In a recent post, a reader commented that we don’t provide alternatives to the approach that the privateers of our educational system are taking by way of developing a charter school industry.
Well, we do but the reader does have a point. We have gone into a mode of reaction in response to the continual attack on our educational system without getting into a stronger position of being more proactive.
So, on that note, I will start the conversation with something positive and will continue posts in that vein in the next several months.
We’ll start with what I do and what I am familiar with.
I am an architect and I teach a class that I have titled Architecture 101. The program is similar to a school that my student attends, The Nova Project, a high school in Seattle.
The comment that was made by the reader got me thinking about the parallels between what I do and the approach that Nova takes. Nova is an alternative high school and part of a larger group of alternative schools in Seattle that were established around 50 years ago. Their success over the years is a testament to programs that work in our school district.
Recently I began to teach a course at Nova that I am co-teaching with a history teacher that focuses on how architecture and design has evolved through the centuries and how that evolution reflects the social values and aspirations of those cultures. I am not being paid for this but wanted to see how it could work. One of the very positive aspects about Nova is that teachers have the opportunity to explore different opportunities to provide their students with an understanding and knowledge of different subjects.
If the course is successful, I will look for funding for this effort so that I can work on a paid basis. Another option that I have is to go through alternative certification, something that was cooked up by the privateers to bring Teach for America to Seattle. The first argument for this piece of legislation was that people like myself would have an opportunity to teach in the public school system without having to go back to school to obtain a teaching certificate. Of course that argument went by the wayside as soon as the legislation was approved and instead we got TFA, Inc. recruits. I am digressing but it is well worth mentioning, that if you have an accumulated amount of experience in a field that you think can be of value to students, you now can request an alternative route for certification to teach in our public schools. I would recommend giving it a try and if it doesn’t work, let me know. If TFA, Inc. can recruit students straight out of college, provide them with five weeks of training and then place them in our most “low performing” schools, than others with far more education and experience should be able to teach in those schools and others as well.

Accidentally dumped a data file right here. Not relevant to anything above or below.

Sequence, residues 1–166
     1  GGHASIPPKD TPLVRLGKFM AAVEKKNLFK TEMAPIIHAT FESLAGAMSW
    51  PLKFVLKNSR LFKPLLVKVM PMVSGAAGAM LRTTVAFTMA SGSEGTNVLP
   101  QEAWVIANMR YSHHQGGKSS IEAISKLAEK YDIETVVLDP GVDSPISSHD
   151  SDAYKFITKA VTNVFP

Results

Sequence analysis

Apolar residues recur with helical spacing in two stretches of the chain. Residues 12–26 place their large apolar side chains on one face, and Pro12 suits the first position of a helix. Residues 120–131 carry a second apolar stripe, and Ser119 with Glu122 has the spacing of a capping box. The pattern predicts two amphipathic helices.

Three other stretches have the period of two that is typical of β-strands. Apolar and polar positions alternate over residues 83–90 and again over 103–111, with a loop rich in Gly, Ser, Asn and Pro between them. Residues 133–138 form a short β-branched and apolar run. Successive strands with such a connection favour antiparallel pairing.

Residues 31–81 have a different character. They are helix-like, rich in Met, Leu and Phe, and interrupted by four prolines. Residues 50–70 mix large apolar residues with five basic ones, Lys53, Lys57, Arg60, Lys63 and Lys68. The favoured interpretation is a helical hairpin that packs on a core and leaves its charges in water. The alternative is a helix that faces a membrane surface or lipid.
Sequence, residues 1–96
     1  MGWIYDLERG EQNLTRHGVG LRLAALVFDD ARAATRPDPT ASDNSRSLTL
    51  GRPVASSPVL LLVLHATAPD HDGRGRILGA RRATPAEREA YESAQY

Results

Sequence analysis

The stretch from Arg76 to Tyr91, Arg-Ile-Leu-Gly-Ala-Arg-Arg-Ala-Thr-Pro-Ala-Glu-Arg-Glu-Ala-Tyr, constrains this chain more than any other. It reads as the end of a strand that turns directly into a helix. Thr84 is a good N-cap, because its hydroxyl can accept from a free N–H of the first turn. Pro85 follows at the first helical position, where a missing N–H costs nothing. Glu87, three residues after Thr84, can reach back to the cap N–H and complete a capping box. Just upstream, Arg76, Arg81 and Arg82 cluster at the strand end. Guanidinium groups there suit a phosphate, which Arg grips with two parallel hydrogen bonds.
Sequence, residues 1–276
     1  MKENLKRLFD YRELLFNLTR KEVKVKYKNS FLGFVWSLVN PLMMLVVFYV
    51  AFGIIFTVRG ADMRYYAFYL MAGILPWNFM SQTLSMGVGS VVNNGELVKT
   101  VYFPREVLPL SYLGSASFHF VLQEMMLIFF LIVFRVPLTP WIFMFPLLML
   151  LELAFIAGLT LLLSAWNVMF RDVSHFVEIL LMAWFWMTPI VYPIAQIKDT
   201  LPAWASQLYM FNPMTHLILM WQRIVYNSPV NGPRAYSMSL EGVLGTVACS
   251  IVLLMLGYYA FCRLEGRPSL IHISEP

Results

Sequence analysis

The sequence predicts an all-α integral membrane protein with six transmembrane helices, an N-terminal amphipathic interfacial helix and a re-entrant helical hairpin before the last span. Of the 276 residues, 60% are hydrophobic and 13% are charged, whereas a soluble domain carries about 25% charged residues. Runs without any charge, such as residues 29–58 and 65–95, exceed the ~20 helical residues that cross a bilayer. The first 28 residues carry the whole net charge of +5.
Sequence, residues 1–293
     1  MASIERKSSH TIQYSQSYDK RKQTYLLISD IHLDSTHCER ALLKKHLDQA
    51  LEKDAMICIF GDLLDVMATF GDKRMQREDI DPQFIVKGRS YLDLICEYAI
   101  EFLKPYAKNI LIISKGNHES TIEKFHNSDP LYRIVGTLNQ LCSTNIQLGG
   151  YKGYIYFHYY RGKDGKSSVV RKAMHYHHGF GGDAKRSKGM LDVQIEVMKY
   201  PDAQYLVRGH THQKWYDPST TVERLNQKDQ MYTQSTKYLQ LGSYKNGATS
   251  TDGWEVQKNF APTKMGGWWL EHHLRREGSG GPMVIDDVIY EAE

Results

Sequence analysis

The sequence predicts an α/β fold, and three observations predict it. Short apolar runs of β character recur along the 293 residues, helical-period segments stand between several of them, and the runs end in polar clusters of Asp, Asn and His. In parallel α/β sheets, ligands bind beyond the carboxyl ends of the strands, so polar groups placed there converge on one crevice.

So, back to the parallels between my class and Nova. First, both programs are project based. An example of that is the topic Egyptian Architecture and Design that I teach in my Architecture 101 class.
We look at the architecture of that time, discover elements of the architecture and come up with reasons why, for instance, there was an opening between the ceiling of a temple and the top of the columns. After exploring the architecture and what was happening during that period, I have the students design a project using three of the elements or ideas that they saw in the images. We discuss it and after a lesson in scale, the students are off and running in developing their ideas. That’s project based learning in its’ most simple format.